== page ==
As we hit a century since the Titanic sank, and James Cameron’s film makes it back into the cinema in 3D, there’s a great article in Times Higher Education re the lessons that can be learnt from across a range of subjects:
On his office wall, James Reason displays a reproduction of a poster that was used to advertise tickets on the RMS Titanic.
The choice was a deliberate one for Reason, an emeritus professor of psychology at the University of Manchester whose research has focused on human error.
“It’s an excellent example of a classic organisational accident,” he says of the liner that sank 100 years ago next month. “They sail happily into disaster, not seeing or thinking about it.”
A century later, the same “unwarranted insouciance”, as Reason calls it, that characterised this famous disaster is still perceived in events such as the explosion of the space shuttle Challenger in 1986, the BP oil spill in the Gulf of Mexico in 2010 and the foundering of the MS Costa Concordia earlier this year.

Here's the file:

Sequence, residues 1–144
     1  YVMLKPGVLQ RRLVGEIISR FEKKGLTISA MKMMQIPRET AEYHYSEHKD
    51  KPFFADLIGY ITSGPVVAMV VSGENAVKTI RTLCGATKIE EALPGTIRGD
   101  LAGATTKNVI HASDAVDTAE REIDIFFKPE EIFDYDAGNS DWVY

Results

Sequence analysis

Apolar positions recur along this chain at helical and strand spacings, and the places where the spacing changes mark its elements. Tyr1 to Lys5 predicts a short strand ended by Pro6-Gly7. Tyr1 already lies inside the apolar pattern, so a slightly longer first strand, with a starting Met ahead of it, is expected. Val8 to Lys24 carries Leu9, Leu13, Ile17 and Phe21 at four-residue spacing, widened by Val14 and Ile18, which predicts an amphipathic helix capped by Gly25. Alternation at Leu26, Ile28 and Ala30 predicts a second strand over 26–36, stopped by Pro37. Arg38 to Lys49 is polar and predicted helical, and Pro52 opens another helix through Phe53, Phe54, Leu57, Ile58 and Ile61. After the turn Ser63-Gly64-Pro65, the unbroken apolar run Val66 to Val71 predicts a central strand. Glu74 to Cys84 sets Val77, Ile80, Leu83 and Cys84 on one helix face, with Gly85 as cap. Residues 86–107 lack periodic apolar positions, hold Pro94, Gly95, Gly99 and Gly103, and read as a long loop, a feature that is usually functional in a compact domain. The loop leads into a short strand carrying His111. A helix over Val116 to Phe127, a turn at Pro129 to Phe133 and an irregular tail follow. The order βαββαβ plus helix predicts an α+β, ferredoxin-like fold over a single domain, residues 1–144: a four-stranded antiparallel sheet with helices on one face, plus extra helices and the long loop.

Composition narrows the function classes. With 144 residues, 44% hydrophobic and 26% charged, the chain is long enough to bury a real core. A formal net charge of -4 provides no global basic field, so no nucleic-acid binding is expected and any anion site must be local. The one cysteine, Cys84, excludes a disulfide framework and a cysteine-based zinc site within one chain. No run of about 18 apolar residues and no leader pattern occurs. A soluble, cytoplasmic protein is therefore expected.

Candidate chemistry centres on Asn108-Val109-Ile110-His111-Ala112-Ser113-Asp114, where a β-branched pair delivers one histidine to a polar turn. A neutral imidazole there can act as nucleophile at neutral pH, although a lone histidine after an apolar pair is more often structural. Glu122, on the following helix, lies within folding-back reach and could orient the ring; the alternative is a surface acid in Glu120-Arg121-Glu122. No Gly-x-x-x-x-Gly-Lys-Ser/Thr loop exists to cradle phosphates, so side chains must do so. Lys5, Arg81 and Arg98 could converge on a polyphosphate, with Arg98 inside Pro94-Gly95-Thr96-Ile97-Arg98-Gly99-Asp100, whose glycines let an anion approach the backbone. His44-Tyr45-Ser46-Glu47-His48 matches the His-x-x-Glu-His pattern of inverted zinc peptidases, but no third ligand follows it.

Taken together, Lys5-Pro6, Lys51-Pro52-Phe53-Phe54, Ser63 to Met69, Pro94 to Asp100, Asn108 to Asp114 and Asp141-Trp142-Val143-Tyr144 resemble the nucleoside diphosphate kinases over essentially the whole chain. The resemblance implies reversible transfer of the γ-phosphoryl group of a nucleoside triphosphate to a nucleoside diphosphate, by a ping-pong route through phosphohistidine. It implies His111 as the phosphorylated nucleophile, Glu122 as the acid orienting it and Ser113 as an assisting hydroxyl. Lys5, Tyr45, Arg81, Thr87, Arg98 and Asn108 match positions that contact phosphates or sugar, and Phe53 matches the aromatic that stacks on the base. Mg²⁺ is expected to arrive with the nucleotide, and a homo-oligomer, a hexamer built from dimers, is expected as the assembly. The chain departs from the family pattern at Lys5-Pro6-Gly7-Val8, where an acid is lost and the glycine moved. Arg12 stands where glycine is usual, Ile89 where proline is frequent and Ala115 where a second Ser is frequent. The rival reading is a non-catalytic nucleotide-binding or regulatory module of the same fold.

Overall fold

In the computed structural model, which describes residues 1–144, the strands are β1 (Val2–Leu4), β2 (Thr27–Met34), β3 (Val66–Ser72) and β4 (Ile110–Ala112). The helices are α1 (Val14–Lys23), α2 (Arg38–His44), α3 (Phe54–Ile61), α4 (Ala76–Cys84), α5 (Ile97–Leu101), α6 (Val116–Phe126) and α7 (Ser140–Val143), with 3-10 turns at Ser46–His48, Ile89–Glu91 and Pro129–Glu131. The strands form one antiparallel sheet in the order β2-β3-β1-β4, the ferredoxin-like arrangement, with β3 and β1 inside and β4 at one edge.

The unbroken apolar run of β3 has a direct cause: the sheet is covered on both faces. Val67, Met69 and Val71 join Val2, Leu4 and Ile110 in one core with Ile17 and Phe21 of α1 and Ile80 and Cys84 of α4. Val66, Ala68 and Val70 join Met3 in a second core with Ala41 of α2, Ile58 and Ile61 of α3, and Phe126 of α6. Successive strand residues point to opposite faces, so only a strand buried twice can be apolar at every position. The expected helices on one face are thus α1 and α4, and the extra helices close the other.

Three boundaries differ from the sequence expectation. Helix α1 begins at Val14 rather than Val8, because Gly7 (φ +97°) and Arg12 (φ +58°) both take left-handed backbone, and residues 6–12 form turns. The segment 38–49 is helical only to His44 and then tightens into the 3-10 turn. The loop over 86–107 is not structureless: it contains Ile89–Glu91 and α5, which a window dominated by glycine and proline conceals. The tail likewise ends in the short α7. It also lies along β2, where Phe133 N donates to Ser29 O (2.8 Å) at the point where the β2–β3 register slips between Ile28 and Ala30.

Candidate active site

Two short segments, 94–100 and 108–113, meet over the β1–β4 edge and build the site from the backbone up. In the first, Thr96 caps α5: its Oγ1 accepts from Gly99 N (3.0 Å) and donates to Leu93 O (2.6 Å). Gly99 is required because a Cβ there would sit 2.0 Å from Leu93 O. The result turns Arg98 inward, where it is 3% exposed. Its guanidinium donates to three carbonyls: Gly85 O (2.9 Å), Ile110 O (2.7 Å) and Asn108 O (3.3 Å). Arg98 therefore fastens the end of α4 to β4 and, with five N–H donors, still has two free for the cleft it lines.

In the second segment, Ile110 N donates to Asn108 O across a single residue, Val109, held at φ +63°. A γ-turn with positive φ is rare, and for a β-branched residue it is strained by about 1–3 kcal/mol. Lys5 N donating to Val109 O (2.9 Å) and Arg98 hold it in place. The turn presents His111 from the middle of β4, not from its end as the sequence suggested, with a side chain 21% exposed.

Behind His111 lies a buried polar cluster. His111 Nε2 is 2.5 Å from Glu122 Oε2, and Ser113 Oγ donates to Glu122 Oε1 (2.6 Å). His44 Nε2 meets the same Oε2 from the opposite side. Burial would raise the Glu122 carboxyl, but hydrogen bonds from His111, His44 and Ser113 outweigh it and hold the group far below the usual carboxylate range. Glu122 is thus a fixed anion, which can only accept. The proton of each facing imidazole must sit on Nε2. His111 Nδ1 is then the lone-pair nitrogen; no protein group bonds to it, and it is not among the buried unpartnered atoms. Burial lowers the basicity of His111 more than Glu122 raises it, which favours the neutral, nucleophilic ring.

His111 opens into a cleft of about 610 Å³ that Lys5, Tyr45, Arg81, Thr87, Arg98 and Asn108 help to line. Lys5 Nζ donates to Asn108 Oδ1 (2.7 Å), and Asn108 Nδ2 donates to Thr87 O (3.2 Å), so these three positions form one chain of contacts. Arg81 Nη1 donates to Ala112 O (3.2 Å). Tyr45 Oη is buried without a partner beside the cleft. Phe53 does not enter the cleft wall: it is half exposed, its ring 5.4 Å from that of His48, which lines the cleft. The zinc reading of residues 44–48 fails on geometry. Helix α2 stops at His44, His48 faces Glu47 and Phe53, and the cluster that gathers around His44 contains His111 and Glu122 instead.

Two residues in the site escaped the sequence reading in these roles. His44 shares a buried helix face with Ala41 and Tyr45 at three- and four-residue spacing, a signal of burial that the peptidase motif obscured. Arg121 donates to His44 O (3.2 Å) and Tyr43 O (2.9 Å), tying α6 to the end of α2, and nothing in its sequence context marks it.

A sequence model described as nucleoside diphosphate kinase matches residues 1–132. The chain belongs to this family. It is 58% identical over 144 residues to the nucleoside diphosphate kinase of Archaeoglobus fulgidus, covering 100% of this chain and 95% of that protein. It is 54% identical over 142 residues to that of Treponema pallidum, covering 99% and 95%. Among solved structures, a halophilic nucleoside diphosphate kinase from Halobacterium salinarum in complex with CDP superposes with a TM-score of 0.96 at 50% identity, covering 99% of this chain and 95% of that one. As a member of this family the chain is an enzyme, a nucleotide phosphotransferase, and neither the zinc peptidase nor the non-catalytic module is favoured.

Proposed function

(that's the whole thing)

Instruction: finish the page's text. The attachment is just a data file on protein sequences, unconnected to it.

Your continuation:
For a small number of academics around the world, the tragic story of the Titanic is surprisingly replete with modern-day lessons in psychology, organisational management, marine engineering and even media and film studies.
Read full article. Note that the photo that accompanies this post was one of the few freely available on sec.hu, and even provides its own little piece of history – one of the people in the photo didn’t get their passport on time, so missed the ship!
Mass Communications Academic, @MMUBS. British Home Front Propaganda posters as researched for a PhD completed 2004. In 1997, unwittingly wrote the first history of the Keep Calm and Carry On poster, which she now follows with interest.